The opening ceremony: a well-kept secret… a chance to discover each other
The opening ceremony: Jeux de la Francophonie
The Canada Council has amped up its social media presence over the past 2 years. Now, more and more of us are sharing news and comments via these networks. We pass along our culture, in both the real and the virtual worlds, by word of mouth – or by ‘likes’ and ‘shares.’ This year, the Council, in association with Canadian Heritage, is shining more light on young artists who are breaking onto the international scene via the Francophone Games. Read blogs from some these talented young artists, such as Marie Beland, Stéphane Guertin and Supernaturalz. And thanks to Guillaume for reminding us (below) that Canada's Francophone artists are winning accolades around the world!
When I learned that my short story Les effets secondaires was selected to represent Canada in the 2013 Jeux de la Francophonie, I was thrilled. I had just graduated from the National Theatre School of Canada and felt that this would be a fabulous opportunity to be discovered overseas.
Proud and excited, I broke the big news to my friends.
— “You’re going to what?”
— “The Jeux de la Francophonie!”
— “Never heard of them."
— “No? Really? Neither have I, actually. But still … isn’t it great?”
That night I closed my eyes and imagined myself in front of a roaring crowd in the Olympic Stadium in London.
When I arrived in Nice, France, I donned my uniform with its Canadian colours in preparation for the opening ceremony.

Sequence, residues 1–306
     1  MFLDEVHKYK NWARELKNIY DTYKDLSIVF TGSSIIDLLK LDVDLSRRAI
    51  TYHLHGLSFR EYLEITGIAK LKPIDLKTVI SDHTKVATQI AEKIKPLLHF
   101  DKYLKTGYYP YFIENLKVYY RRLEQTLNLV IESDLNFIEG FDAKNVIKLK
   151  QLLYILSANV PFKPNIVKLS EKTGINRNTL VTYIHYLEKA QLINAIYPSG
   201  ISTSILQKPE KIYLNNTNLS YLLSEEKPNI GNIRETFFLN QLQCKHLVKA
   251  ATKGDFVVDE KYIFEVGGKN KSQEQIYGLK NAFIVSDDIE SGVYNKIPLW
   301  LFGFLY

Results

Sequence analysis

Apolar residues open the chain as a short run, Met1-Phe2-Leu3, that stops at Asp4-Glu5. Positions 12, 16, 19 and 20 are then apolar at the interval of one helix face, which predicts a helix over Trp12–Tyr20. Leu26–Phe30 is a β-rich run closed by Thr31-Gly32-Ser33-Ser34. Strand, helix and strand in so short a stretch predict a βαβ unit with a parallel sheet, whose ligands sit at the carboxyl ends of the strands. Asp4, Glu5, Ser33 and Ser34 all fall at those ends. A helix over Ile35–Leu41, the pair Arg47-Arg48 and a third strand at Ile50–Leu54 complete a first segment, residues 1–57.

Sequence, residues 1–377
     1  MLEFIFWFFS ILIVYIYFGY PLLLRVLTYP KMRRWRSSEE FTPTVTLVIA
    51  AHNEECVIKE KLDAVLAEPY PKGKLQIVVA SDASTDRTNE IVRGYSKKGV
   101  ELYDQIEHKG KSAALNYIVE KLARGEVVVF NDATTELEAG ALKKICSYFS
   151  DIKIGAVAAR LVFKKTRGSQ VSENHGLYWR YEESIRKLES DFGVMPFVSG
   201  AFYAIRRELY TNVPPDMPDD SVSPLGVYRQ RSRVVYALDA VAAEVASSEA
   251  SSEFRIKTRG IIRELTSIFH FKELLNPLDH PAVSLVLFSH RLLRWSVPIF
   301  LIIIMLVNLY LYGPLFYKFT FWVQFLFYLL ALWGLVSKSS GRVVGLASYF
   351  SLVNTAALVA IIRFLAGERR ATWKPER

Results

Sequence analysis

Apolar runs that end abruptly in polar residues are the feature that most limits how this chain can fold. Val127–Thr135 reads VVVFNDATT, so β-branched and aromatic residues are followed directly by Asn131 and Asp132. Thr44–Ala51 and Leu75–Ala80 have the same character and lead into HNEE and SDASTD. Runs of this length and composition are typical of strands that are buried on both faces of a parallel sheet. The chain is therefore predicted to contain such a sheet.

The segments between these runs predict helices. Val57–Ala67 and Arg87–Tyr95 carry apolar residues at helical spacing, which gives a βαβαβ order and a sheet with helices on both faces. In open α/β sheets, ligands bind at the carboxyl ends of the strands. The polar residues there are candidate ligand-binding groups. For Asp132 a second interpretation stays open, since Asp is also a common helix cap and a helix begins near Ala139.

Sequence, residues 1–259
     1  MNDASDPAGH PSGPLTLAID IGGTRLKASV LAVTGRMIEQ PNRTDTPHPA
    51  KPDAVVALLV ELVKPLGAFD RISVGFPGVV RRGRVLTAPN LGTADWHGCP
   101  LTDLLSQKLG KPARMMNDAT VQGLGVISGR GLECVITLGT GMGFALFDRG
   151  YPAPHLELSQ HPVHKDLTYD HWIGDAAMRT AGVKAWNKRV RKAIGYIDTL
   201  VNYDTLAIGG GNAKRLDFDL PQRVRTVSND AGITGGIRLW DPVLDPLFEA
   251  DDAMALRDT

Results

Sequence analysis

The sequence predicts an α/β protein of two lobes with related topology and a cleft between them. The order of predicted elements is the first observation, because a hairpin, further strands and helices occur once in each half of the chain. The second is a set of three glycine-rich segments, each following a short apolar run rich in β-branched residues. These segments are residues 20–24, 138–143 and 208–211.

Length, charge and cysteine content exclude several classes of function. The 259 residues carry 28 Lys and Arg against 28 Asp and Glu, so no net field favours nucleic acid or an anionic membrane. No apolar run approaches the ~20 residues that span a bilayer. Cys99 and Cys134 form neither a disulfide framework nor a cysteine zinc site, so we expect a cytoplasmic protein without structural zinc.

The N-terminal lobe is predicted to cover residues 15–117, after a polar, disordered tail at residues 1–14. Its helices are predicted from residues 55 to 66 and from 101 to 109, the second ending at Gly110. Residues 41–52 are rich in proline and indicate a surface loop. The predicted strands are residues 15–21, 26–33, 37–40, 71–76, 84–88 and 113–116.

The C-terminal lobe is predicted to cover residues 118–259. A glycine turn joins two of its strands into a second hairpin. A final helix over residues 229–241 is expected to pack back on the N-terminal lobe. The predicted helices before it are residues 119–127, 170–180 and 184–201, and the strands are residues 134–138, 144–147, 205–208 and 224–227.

In Place Massena, I waved my little Canadian flag to greet the modest crowd that had come to applaud the participants. Actually, not many people turned up to see us. And the décor seemed very humble in comparison to the Olympian extravagance I had imagined.
I walked across the stage and went to sit in the bleachers. I turned jokingly to a choreographer friend, “It’s a good thing we’re here, or there’d be no one at the ceremony!”
On the stage, countries continued to parade in, one after the other. Here, obviously, were France, Switzerland and Belgium – but Armenia ? Bulgaria? Vanuatu?? I knew nothing about the Games, it’s true – but I had no excuse for knowing so little about the Francophone world itself – all the nations that make up La Francophonie.
La Francophonie: never heard of it
I’ve often complained about the cultural isolation of Quebec. I used to say that, lost as we are in the middle of an Anglophone ocean, between English Canada and the United States, the Belle Province would benefit enormously if the Francophone world were more open to our productions, which would otherwise be restricted to a market of six million people.
In reality, though, I was looking at the problem from the wrong end. How could I expect the Francophone world to be interested in me when I’d never been interested in it?
Meeting new people
In the evening, several of us participants would congregate down by the beach, looking out onto the Mediterranean. We would talk and drink wine until the wee hours of the morning. I was happy to listen to Cosmin Perta from Romania explain why he chose to write his Kafkaesque musings in French, to Edgar Kosma from Belgium describe his projects for graphic novels and a protean novel about the world of work, and Valérie Cachard from Lebanon telling how, every time she leaves her country, her father makes her promise not to come home if war breaks out …
It’s true that without the participants there wouldn’t have been anyone at all at the opening ceremony. It was just us. But perhaps the objective of these Games was not so much to give us a higher profile, as to give us a chance to discover each other.
I ended up winning the gold medal. And when I got home to Montréal, I couldn’t resist Googling myself. Not one media outlet had mentioned my triumph – and to be honest, I didn’t care one bit. Two and a half years have passed since then, and every time I go to Europe with one of my plays, I get back together with the friends I drank wine with on the Mediterranean coast, back in that unforgettable September.